By: Dr. Heather Kovacevich
One of the main reasons that people are reluctant to take their pet to the vet is that they do not want to see their pet fearful, nervous, and uncomfortable during the visit. No one wants to watch their cat hiss and attempt to bite or scratch the doctor during an exam. No one wants to watch their dog cower in the corner and drool or urinate on the floor out of fear. We completely understand and agree!
Here at The Drake Center, we are always looking for ways to help pets feel comfortable during their visit and we strive to make each encounter as fear-free as possible. For many patients, this begins at home before the visit. Here are some tips, for you the owner, as well as techniques that we use at the center to create the least stressful environment that we can.
As a certified "Cat Friendly Practice", The Drake Center staff has been trained to treat cats with respect and love. We know that cats are not "being mean" but are just reacting out of fear. Our goal is to minimize these fears and make the visit enjoyable and as fear-free as possible.
- The Carrier: Making sure that cats are used to going into their carrier and that the carrier is clean and cozy is very important. We recommend leaving the carrier out at all times if possible so cats see it as a valuable resting place. This will ease the process of transport. We can provide Feliway wipes to use inside of the carrier to help calm cats as well as Feliway sprays for bedding. Feliway is a feline pheromone that aids in calming and relaxing cats. We also use it in the exam room as a diffuser. Our own house cat loves to sit with his face up against the diffuser just to take it in on a daily basis. Providing a soft clean blanket or towel in the carrier also makes the trip more enjoyable. It may also help to place some catnip or yummy treats inside.
The best place for the carrier to be is on the floor behind the passenger seat, as this will provide the most security and least amount of visual stimuli to the cat. You may also cover the entire carrier with a large towel to make the cat feel more hidden. For more tips on getting your cat to the clinic go here.
- The Lobby: We strive to move feline patients into our cat only exam room immediately to avoid any interactions with other patients. We do not recommend placing the carrier on the ground for any reason. Cats naturally enjoy being up high and feel more secure if they are off the floor. Ideally, we like the cat to come out of the carrier on their own, instead of being pulled out. If the lid can be removed, this will aid in moving the cat but the examination may also be done in the carrier with the lid off.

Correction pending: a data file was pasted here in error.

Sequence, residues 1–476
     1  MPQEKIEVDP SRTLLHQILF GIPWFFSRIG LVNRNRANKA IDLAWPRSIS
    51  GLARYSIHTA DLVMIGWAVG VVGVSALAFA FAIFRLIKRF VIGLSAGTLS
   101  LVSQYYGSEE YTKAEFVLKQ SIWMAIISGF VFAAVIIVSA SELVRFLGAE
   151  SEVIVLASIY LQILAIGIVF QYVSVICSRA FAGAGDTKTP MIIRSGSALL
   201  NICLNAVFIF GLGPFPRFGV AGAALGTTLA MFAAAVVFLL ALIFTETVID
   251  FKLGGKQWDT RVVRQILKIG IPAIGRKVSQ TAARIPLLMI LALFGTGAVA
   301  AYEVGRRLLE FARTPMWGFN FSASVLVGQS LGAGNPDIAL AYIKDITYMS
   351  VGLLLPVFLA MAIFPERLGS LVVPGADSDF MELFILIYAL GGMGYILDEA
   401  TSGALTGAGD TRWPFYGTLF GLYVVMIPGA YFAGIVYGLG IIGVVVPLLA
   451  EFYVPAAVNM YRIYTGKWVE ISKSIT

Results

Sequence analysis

- The Exam: The least amount of handling is utilized by our staff. We regularly use large clean towels to assist in covering the cat and manipulating them if needed. Most cats do not need to be scruffed during exam or treatments, including blood collection, if the handler is trained to use other techniques of restraint. Cats have a natural area of loose skin (scruff) at the nape of the neck that can be squeezed that typically aids in restraint. We believe that most cats do not need this form of restraint in the hospital setting, and this is only used if other techniques have failed.
If the cat is highly reactive and historically difficult to handle, we can offer an oral sedative that is given at home a few hours prior to the appointment to help calm the cat and allow for a better examination to be performed. We can also use injectable reversible sedatives if needed.
Occasionally, we will also see dogs that don't seem to enjoy coming to see us. For these fearful canines, we recommend the following:
- Withhold food for 6 hours prior to the appointment so they will be more food motivated. We love to give our patients treats to distract them from potentially painful treatments. We want our dog patients to love coming here!
- Come in for "happy visits" where no painful procedures are performed. We just walk around the hospital and give love and cookies.
- Let them acclimate to the exam room for a while before the doctor arrives. Sometimes, the pet actually does better away from the owner so we may ask that you leave the room or try taking the pet to the treatment area.
- Loving words and massages can help too. We can always offer injectable sedatives as needed.
No animal should go without veterinary care simply because the owner or the pet is afraid of the vet. We can work together to ensure you and your pet have a pleasant and comfortable visit with us.
Call us at (760) 753-9393 to book your pet’s appointment or go here.